McAllister, Randal (c.1760?–p. 1794?), printer and United Irishman, was made a freeman of the city of Dublin in October 1786 and was then a stationer; nothing else is known of his background. The following year, on 23 October 1787, he was indicted for forging a receipt in the name of T. Byrne, printer of the Dublin Journal, but was acquitted two days later. From July 1789 he was in partnership with the printer Arthur Grueber; the pair produced a pamphlet, Observations on frauds committed by the bakers (1789), and went into dealing lottery tickets. The partnership broke up in July 1790; McAllister then moved into premises in 59 Dame St., and produced a pamphlet entitled Whig club attacked and defended (August 1790). As a member of ‘Whigs of the capital’, an association of radical guild politicians led by James Napper Tandy (qv), McAllister was instrumental in a decision (April 1791) to raise subscriptions for a fund to underwrite a subsidised printing of Thomas Paine's Rights of man. Within two weeks the first supplies of the sixpenny edition were available from McAllister's new premises at 102 Grafton St. The eventual run of the cheap edition was reported as 20,000. On 27 December 1791 a ballot was held for his membership of the United Irishman, and six months later (1 June 1792) he put forward a proposal, which was carried, that Thomas Paine be made an honorary member of the society.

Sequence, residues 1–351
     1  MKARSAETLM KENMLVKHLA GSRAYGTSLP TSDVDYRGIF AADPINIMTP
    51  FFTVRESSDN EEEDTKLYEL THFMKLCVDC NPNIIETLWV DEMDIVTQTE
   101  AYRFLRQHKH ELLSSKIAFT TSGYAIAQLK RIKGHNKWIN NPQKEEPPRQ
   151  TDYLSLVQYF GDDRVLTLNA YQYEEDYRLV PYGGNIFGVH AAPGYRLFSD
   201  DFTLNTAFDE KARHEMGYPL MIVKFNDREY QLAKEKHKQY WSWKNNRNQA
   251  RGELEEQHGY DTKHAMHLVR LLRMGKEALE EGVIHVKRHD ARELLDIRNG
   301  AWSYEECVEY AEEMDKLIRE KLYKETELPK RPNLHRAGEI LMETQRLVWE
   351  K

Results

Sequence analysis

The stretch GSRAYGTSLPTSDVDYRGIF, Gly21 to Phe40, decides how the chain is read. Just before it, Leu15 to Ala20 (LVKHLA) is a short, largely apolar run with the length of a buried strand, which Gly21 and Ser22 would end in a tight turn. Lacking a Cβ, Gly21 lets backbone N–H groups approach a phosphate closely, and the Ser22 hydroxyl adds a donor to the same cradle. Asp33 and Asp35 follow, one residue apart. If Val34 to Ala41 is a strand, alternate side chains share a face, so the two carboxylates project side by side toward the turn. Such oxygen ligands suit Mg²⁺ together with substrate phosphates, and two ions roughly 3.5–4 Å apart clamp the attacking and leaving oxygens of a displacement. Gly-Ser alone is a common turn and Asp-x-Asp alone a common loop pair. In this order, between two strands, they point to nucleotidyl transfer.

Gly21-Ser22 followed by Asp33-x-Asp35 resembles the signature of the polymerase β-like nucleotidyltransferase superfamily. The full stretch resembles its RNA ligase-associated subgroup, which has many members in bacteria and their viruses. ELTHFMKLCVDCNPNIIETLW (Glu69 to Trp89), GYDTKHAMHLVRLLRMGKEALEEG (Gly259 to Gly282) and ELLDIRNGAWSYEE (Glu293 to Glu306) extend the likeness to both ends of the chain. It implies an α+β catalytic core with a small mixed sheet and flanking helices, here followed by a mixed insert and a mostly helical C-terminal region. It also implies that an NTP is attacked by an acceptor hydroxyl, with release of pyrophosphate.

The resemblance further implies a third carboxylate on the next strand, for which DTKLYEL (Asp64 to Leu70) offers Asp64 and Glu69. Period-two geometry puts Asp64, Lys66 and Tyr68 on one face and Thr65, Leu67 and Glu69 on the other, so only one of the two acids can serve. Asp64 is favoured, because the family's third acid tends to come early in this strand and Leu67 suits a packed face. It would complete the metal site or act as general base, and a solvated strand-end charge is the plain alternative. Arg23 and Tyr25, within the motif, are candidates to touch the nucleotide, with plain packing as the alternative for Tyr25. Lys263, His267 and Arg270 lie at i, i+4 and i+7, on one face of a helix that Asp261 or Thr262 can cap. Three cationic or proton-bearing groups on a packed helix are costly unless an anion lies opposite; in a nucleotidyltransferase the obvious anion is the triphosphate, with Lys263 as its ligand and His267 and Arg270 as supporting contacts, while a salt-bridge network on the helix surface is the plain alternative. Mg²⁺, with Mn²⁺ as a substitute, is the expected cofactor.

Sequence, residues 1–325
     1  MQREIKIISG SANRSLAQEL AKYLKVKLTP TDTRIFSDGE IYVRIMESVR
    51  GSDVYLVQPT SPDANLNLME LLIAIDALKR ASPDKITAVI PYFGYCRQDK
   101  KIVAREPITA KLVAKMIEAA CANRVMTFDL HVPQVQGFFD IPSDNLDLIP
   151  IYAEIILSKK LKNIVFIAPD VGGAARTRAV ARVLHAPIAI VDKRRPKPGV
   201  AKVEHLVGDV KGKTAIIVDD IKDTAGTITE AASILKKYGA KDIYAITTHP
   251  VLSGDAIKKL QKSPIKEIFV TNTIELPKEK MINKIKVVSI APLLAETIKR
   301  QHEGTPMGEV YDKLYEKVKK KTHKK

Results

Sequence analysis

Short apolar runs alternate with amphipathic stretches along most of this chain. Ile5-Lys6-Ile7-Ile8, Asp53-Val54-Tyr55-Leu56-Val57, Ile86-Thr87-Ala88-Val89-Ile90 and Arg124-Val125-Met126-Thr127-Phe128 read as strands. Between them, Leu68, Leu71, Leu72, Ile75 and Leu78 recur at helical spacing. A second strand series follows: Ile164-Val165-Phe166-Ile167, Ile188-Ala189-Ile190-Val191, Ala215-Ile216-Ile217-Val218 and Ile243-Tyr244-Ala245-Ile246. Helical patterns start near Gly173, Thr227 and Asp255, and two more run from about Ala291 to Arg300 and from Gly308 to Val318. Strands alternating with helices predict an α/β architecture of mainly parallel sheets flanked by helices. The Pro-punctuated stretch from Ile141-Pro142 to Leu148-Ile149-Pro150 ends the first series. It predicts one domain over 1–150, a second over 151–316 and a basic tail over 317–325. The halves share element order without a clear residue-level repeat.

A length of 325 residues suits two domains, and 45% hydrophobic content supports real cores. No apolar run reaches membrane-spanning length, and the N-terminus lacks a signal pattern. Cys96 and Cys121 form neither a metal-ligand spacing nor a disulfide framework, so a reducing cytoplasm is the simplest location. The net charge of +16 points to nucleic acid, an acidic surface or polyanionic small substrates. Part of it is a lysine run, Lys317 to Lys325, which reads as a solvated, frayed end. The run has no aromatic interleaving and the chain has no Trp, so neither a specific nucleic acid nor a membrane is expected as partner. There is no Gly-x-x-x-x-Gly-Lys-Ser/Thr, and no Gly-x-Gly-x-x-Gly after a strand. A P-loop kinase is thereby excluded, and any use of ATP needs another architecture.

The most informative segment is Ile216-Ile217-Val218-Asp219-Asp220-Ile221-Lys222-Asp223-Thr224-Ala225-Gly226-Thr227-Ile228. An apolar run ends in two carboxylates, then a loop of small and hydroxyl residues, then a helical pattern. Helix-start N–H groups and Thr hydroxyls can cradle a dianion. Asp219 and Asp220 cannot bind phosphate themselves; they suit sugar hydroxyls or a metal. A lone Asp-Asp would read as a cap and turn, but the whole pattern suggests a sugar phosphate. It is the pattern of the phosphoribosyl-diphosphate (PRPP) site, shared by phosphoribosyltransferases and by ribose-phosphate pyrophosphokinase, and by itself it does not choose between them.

On 14 December 1792 he printed the society's address to the Volunteers, published by William Paulet Carey (qv). The following month Carey was threatened with prosecution for publishing this address and so sold his paper, the organ of the Dublin United Irishmen, entitled Rights of Irishmen; or National Evening Star, to McAllister, who published it from 23 February to 23 March 1793. His definition, in the 16 March edition, of the Irish house of commons as a market, where honour and virtue were sold to the highest bidder, led to his being ordered into custody on 20 April and committed for a short period to Newgate. This effectively ended all his seditious activities. In June 1793 he filed for bankruptcy, though William Drennan (qv) later claimed he perjured himself and lied to his creditors. He subsequently appealed to Drennan (2 February 1794) for aid to secure his passage to America, claiming that he had been on the run for five months and was under pressure to turn informer for the government; there may have been an element of blackmail in this appeal. His wife (or, according to Drennan, his mistress) approached government agents in summer 1793, saying her husband would reveal the authors of the address to the Volunteers in return for a pardon, but this he did not do and she may have been acting independently. Drennan, believing McAllister to be without incriminating evidence, was unconcerned by the threat and refused to lend assistance as he felt it would be an admission of guilt on his part. However, the Society seems eventually to have agreed to raise £20 for McAllister's passage sometime around the end of July 1794. Nothing is known of him after this date; it is possible that he emigrated to America.